Policy for Respecting Creator’s Rights

Our personal policy to determine when it's okay to share and develop the ideas of other magical creators.

This policy answers the question; when is it okay for me to publish my magic creations based on the ideas of somebody else? This is a personal policy, meant to guide my behaviour according to my own ethics. Your mileage may vary.

There are two fundamental beliefs behind this policy.

  1. Creators deserve to profit from their work. I believe those who create and innovate magical ideas must have an exclusive opportunity to benefit from their own inventions.
  2. Magic benefits from the open exchange of ideas. We see further by standing on the shoulders of giants. The collected wisdom of the magic world advances incrementally, building on the work of others.

These two beliefs are at odds with one another. As such, this policy defines my rules for how ideas transfer from exclusive to public domain.

The common practice

When magicians gather, the common practice is that a magical idea is openly discussed when it is generally believed to be “an old idea.”

That begs the question, “how old is old?” The answer will swing wildly to suit the people in the room at the time. In most cases it is a general feeling more than fact, as the actual date of origin is often an unknown factor.

The problem arises when we think about the large gap between a magician’s appetite for new ideas, and the magic inventor’s expected product lifespan. To the consumer, an old idea may be last year’s new release, while an inventor may be looking to earn revenue from their ideas for more than a decade.

My personal practice

This policy sets forth my personal rules to determine when a magical idea becomes community property, at which point I can share, and build upon it with a clear conscience. There are three stages of protection offered to the creator of the idea, with each term lasting 20 years.

It begins with the publication of the idea. This can be written in a book or magazine, on video, or offered as an individual trick or prop. The key being that the idea is expressly shared with the magic community.

0 to 20 years after publication - Exclusive Rights

Similar to a patent term, the creator has 20 years to exclusively benefit from their creation.

What I’m allowed to do: The idea is not mine to share. Mention the idea’s existence, directing people to purchase the original source.

What I’m not allowed to do: Share any secrets of the published idea without explicit permission from the creator.

20 to 40 years after publication – Remix Rights

The creator remains the official source for anyone looking to purchase the idea, while opening up the idea for creative adaptations.

What I’m allowed to do: Adapt the idea and publish my variation, so long as it markedly changes the idea to become a unique work. I may discuss and share the original idea only as it relates to my variation.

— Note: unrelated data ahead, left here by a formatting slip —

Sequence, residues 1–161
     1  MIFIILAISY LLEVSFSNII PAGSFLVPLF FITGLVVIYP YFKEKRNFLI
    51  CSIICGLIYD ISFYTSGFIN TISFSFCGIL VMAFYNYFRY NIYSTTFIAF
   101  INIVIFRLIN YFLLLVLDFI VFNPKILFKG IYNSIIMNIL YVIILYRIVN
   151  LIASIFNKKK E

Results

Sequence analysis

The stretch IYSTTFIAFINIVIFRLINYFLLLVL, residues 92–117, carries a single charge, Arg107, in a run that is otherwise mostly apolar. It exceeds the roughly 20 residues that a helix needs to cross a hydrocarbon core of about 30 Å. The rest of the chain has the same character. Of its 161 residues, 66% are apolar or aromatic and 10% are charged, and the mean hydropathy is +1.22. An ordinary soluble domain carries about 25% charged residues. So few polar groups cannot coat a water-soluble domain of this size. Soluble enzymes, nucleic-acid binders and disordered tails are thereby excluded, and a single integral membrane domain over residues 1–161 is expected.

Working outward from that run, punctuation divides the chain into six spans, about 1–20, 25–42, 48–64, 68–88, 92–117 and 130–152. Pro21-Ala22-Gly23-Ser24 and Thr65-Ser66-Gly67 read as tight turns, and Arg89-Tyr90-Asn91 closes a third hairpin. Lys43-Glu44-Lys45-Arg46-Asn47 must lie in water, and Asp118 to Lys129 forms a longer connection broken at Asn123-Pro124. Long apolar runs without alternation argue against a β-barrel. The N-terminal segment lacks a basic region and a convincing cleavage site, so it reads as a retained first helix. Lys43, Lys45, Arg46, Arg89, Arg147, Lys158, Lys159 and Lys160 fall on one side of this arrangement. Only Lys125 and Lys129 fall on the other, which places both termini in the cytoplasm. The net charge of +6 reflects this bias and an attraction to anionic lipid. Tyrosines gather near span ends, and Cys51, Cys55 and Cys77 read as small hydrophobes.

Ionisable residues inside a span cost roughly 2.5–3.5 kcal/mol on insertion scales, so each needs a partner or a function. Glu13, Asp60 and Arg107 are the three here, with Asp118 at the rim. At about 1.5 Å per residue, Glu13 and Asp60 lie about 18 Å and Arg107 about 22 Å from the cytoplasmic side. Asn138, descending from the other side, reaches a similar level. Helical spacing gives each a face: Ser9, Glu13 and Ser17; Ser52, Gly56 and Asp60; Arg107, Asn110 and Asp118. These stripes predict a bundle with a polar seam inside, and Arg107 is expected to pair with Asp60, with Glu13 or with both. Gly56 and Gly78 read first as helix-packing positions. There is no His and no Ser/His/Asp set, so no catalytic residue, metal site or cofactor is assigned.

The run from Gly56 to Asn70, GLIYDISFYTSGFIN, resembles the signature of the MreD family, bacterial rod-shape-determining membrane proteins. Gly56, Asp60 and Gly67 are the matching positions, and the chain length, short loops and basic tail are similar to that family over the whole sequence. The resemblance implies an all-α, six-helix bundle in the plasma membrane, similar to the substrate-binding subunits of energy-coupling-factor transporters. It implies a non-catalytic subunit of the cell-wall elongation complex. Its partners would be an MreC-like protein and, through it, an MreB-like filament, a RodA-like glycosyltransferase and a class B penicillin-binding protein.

What I’m not allowed to do: Share and teach the original idea without variation.

40+ years after publication – Community Rights

The creator has had ample opportunity to profit from their idea. This idea is now out in the open for the magic community to share freely.

What I’m allowed to do: I may share and teach the original idea as it was published, or with my variations.

What I’m not allowed to do: While the idea may be “public domain” any published work is still under copyright law, the original source cannot be shared.

Any of the above may be over-ruled by receiving permission from the creator (or current rights holder) to share an idea.

Some practical examples

Jim Steinmeyer’s “Nine Card Problem” was published in 1993. At time of writing, it is 28 years old, landing it in the Remix Rights category. My policy suggests it is okay for me to share and publish my adaptation of his idea.

Deddy Corbuzier released “Free Will,” a very popular mentalism concept which has spawned many, many variations, in 2004. According to my policy, that remains in the Exclusive Rights category until 2024. As such, any variation I may come up with will be kept to myself for now.

Al Baker’s “Magical Filtration of Four Half Dollars” (Coins Through Table) was published in 1941, making it 80 years old and fair game for me to offer a complete step-by-step tutorial.

Conclusions

Ultimately, this is a personal policy based on what allows me to feel good about sharing ideas while being respectful of creators. I feel the 20 and 40 year terms are more generous to original creators than the common practice of “old ideas.” I’d rather err on the side of patience, and there is no shortage of old magic to discover!

Following these guidelines I feel I’ll be making a positive advancement to magic, without stepping on any toes.


Any questions about this policy, or concerns about the ideas shared on this site, may be directed to Ryan Pilling
First Draft: February 2021

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